The report states: ‘Public interest in and criticism of the outcome of our enquiries and investigation has highlighted a concern that we do not sufficiently explain the reasons for our decisions to close cases. In future, where there is a clear public interest to do so and subject to any applicable legal restraints, we will publish a summary of our reasons for closing an investigation.’

Following the report's publication, the Treasury Committee confirmed it would call the FRC to give further evidence in the New Year.

Committee chair Nicky Morgan said: 'This long-awaited report rightly acknowledges that the FRC should have been more ‘proactive’ in investigating KMPG’s audit of HBOS. It was only through pressure from the Treasury Committee that the FRC decided to act.

‘As Mr Haddrill says, the report sets out the lessons that the FRC has learned for the future. We will be calling the FRC to give evidence in the New Year to discuss whether their conclusions go far enough.’

In a statement following the FRC report's publication, KPMG said: 'Over the last nine years the FRC, PRA and FCA have examined the events that led to the failure of HBOS in detail. Throughout this process, we have maintained that our work met the applicable audit standards of the time. The FRC’s report clearly shows we considered the risks facing the bank, including liquidity and loan loss provisions and reported our concerns to those charged with governance at HBoS.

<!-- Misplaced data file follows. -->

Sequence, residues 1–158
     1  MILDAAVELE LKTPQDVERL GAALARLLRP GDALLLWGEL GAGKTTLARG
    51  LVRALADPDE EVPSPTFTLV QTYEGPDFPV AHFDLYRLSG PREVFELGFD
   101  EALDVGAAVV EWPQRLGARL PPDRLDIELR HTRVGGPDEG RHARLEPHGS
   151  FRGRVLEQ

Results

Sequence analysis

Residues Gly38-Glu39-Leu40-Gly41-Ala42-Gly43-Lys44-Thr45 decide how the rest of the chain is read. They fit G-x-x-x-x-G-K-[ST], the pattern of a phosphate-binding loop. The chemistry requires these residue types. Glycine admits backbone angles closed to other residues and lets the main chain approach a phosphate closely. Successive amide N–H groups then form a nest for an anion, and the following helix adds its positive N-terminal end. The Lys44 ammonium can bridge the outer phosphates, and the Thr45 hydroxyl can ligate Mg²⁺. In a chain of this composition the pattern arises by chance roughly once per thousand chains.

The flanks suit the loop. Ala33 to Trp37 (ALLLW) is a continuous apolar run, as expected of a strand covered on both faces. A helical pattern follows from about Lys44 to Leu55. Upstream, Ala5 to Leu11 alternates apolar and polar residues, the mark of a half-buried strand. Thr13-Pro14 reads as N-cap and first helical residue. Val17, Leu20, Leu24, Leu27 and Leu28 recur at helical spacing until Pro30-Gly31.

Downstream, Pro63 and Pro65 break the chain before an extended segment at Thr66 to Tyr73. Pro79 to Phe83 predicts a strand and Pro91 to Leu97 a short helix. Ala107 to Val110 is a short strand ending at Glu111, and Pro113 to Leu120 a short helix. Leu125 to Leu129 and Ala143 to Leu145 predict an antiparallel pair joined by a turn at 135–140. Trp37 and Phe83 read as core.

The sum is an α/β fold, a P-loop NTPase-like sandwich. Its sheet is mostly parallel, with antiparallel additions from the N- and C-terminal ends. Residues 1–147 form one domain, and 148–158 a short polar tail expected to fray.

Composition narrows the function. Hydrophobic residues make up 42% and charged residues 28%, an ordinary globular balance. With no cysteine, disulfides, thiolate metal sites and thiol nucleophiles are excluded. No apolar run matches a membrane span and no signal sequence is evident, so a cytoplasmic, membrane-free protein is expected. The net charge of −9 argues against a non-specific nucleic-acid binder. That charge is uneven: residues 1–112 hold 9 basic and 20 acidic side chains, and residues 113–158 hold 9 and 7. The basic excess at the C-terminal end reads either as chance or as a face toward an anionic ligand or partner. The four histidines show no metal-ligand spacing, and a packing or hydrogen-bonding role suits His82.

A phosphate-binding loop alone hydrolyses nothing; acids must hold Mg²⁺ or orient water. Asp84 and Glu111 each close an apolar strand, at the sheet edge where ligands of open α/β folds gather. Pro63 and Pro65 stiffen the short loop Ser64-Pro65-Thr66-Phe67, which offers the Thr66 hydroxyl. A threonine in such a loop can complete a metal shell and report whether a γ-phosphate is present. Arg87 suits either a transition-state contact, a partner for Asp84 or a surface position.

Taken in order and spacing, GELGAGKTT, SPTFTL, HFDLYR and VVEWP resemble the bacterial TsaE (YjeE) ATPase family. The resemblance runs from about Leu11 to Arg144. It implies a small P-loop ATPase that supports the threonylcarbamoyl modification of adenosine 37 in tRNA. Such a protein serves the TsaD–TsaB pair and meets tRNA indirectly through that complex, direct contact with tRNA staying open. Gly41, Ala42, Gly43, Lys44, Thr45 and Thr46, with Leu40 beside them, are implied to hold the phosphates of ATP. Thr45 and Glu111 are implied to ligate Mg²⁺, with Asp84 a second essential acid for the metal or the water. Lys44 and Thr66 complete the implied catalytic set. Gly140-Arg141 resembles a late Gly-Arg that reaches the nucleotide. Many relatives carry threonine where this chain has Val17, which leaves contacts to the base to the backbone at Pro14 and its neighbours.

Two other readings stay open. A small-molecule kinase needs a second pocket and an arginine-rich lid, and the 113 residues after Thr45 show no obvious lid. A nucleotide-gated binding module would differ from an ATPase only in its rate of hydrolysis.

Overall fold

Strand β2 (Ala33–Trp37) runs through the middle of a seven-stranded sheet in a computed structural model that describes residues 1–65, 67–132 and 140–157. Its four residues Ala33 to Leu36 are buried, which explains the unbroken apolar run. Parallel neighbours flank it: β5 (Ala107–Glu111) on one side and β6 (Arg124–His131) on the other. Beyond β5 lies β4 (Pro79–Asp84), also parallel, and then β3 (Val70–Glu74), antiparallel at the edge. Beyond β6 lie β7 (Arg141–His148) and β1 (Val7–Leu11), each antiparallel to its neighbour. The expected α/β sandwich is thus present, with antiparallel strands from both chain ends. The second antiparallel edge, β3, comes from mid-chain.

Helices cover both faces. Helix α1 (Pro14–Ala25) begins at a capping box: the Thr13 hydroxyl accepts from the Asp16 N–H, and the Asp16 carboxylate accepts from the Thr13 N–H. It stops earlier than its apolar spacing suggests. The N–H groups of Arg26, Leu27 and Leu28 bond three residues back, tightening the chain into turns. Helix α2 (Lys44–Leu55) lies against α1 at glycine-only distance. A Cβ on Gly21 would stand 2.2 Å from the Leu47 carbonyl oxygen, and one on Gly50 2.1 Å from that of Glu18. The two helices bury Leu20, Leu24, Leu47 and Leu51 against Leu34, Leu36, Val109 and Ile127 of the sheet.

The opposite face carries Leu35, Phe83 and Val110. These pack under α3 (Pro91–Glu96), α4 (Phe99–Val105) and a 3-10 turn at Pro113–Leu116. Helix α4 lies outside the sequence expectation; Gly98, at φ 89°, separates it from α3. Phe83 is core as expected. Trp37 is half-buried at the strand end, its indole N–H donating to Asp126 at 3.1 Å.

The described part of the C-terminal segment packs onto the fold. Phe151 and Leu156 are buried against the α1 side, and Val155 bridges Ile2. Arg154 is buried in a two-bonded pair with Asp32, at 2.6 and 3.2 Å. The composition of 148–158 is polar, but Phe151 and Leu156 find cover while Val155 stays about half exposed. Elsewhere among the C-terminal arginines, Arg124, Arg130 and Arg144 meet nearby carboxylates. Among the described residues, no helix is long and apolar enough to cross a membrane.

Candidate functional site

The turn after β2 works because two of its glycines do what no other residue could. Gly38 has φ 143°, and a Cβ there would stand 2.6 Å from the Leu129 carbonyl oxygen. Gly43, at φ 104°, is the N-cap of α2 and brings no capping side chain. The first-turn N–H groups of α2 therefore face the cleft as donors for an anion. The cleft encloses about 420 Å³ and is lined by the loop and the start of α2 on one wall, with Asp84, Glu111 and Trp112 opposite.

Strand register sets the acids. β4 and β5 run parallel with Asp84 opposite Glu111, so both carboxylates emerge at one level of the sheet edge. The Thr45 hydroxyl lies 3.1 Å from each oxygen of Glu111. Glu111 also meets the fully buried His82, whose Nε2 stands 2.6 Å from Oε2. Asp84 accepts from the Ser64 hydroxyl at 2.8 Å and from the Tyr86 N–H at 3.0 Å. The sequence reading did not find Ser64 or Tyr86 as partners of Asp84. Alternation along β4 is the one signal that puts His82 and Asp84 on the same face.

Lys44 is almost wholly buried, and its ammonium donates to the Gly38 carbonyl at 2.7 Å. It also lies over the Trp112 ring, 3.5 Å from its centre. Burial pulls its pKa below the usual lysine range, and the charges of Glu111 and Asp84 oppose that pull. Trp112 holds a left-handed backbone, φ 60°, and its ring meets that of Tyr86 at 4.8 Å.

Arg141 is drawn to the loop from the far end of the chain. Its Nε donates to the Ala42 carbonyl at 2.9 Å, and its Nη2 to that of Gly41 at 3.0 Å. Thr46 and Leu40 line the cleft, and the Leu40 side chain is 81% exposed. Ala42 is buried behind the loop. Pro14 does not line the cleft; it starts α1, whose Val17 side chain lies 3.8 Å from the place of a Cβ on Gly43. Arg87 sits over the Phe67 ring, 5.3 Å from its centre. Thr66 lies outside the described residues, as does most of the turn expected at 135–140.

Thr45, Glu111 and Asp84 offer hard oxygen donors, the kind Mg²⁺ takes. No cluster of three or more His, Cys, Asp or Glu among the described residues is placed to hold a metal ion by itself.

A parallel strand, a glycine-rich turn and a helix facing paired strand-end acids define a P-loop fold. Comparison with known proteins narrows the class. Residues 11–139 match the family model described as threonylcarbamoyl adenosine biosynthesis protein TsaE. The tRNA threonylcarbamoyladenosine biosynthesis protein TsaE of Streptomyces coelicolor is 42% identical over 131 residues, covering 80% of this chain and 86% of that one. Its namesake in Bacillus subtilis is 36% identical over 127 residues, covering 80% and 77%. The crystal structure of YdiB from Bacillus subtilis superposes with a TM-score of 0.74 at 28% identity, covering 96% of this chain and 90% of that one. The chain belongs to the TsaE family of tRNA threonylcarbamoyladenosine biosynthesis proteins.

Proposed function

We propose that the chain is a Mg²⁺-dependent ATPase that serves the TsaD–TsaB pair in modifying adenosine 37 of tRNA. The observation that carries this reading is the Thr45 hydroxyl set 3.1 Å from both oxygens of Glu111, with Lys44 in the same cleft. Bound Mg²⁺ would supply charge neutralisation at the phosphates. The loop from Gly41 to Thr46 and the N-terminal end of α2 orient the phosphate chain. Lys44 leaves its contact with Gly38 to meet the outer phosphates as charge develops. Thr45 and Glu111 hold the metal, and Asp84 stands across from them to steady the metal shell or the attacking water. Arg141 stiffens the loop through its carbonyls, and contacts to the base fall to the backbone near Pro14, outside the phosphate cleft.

'As the FRC’s report notes, the intensification of the financial crisis in late 2008 was not foreseen by market participants. The Bank of England continued to forecast positive GDP growth until August 2008, while HBoS reported pre-tax profits of £5.5bn in its 2007 financial statements and continued to raise capital in the wholesale markets well into 2008.

'The PRA and FCA’s report into “The failure of HBOS plc”, published in November 2015, states that during the period from September 2007 to February 2008 “HBoS appeared to be weathering the early storm reasonably well following steps taken in August 2007 to renew its wholesale funding. At that time, the possibility that HBOS would fail still appeared extremely remote.” The sudden escalation of the crisis in the final quarter of 2008 affected many financial institutions, of which HBOS was one.

'The collapse of HBOS has served to underline the persistent and widening gap between what society expects of an audit and what an audit has been designed to do.

'It is clear with the benefit of hindsight that there were lessons to be learned regarding how banks operate and how the profession audits financial institutions. While the profession has risen to and responded to this challenge, questions over the scope of audit remain. We are committed to working with the FRC and our peers to listen to these concerns and redefine the remit and purpose of audit, to ensure it better serves investors, business and the public at large.' 

The report on the FRC’s enquiries and investigation of KPMG’s 2007 and 2008 audits of HBOS is here.

Stephen Haddrill’s letter to the Treasury select committee is here.

Report by Pat Sweet

Pat Sweet |Reporter, Accountancy Daily [2010-2021]

Pat Sweet was the former online reporter at Accountancy Daily and contributor to the monthly Accountancy magazine, pub...